Archaeologists scan Egypt’s Pyramid of Giza

June 3, 2016
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Тew scanner at the Great Pyramids of Giza was tested by archaeologists in Egypt on Thursday. Scienists hope that modern technology can help them to uncover ancient secrets buried deep beneath the stone. Egypt’s former antiquities minister Zahi Hawass also participated in the scan procedure. This new scanner uses subatomic particles known as muons, and this method should help in the examining of 4,500-year-old pyramids of Giza.

Famed Egyptian archaeologist Zahi Hawass has been appointed by the Antiquities Ministry to head the team on scanning the secret rooms in the Great Pyramids of Giza. On June 2, archaeological team conducted a scan of the old structure with a new muon scanner. “It will be real luck if we can find one of the three cameras we already know exists within, we will continue to scan,” Hawass said. The Antiquities Ministry appointed Dr Hawass as head of the team of scientists to processing the scanning results.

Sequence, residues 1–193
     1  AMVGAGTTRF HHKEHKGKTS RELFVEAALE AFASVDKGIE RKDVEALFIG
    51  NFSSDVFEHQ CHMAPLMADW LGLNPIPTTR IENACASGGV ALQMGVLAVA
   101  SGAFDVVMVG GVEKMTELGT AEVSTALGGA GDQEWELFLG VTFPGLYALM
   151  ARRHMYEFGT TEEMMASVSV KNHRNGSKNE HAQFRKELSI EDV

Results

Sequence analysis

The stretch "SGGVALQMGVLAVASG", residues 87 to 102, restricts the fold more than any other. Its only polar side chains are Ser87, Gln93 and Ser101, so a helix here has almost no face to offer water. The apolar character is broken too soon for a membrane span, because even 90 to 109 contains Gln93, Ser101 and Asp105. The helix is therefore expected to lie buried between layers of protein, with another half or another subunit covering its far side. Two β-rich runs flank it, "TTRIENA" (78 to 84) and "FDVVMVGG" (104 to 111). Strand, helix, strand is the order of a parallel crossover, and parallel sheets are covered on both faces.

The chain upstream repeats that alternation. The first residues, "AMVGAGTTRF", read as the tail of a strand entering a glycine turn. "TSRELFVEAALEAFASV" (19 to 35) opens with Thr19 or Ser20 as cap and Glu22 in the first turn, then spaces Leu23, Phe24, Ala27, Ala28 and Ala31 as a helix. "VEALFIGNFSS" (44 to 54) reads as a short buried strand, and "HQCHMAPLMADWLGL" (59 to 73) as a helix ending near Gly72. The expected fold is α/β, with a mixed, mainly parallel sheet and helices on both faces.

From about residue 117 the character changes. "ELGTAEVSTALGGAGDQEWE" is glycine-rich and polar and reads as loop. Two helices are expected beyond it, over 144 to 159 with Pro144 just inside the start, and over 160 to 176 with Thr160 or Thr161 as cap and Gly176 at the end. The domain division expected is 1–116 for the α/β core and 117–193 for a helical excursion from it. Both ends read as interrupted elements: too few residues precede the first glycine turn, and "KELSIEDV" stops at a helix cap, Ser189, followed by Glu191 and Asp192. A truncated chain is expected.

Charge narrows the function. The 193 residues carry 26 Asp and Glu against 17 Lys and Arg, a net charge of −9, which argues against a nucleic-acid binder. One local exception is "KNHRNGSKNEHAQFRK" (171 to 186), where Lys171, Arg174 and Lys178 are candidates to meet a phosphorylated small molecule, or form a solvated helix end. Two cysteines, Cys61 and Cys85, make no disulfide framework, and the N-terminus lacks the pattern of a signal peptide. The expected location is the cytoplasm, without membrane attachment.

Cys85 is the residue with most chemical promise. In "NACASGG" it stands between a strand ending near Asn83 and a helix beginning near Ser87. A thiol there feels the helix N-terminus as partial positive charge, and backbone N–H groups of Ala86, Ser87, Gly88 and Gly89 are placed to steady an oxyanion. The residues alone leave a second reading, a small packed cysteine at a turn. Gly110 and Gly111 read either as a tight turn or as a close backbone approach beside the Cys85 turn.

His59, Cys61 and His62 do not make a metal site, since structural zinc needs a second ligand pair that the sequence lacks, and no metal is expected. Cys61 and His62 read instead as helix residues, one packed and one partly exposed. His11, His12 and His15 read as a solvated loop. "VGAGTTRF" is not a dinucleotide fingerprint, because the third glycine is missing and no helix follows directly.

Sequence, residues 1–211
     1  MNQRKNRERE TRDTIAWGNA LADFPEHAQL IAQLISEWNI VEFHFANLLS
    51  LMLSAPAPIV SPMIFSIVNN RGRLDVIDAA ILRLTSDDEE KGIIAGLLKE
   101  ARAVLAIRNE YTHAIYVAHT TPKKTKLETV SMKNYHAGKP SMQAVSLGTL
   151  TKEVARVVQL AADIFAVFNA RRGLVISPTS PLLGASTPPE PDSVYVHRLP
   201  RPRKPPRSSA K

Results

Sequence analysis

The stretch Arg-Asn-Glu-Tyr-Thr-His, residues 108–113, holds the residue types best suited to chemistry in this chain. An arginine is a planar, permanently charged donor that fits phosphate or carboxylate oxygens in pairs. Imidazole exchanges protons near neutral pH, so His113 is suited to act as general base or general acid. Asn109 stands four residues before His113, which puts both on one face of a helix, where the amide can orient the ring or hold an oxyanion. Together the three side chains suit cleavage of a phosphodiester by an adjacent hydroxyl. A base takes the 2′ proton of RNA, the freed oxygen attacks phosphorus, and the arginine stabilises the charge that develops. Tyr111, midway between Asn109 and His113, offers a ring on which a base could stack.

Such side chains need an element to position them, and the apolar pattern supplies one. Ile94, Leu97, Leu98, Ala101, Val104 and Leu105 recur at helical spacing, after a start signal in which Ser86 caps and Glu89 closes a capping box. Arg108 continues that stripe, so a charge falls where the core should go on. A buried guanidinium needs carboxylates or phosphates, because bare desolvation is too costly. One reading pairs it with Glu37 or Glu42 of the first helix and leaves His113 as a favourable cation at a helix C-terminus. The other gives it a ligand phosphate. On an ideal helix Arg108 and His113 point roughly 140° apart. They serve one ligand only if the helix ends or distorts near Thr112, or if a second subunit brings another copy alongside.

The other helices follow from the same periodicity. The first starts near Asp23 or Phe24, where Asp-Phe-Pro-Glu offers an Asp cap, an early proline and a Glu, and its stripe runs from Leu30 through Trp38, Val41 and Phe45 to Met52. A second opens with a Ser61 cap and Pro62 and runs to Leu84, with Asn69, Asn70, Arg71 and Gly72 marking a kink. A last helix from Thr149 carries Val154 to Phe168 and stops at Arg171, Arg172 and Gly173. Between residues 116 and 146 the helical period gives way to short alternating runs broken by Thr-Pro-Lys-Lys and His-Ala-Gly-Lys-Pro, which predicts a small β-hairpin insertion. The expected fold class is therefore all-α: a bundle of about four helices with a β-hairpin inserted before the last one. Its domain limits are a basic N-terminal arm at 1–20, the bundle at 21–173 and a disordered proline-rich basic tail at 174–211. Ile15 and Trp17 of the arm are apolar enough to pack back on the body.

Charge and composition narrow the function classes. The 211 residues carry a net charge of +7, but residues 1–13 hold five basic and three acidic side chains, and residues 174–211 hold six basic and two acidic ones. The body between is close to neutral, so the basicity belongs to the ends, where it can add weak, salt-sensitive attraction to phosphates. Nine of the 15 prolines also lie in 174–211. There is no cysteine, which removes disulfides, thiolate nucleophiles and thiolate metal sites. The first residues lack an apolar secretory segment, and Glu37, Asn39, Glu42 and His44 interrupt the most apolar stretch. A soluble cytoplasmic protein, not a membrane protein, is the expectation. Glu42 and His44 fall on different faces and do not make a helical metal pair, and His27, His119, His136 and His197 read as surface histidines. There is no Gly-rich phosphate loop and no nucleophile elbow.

Actually, late last year, the thermal scan revealed a large anomaly in the pyramid — the three adjacent stones at its base which recorded higher temperatures than others. Previously, Hawass did not trust the scanning procedure, but now changed his opinion. “I hope that these scans will help us to get accurate information,” said the Egyptian archaeologist.

The debate over possible new discoveries in the field of Egyptologists are all over the world, the basic theory is the presence of additional rooms adjacent to the tomb of Pharao Tutankhamun.

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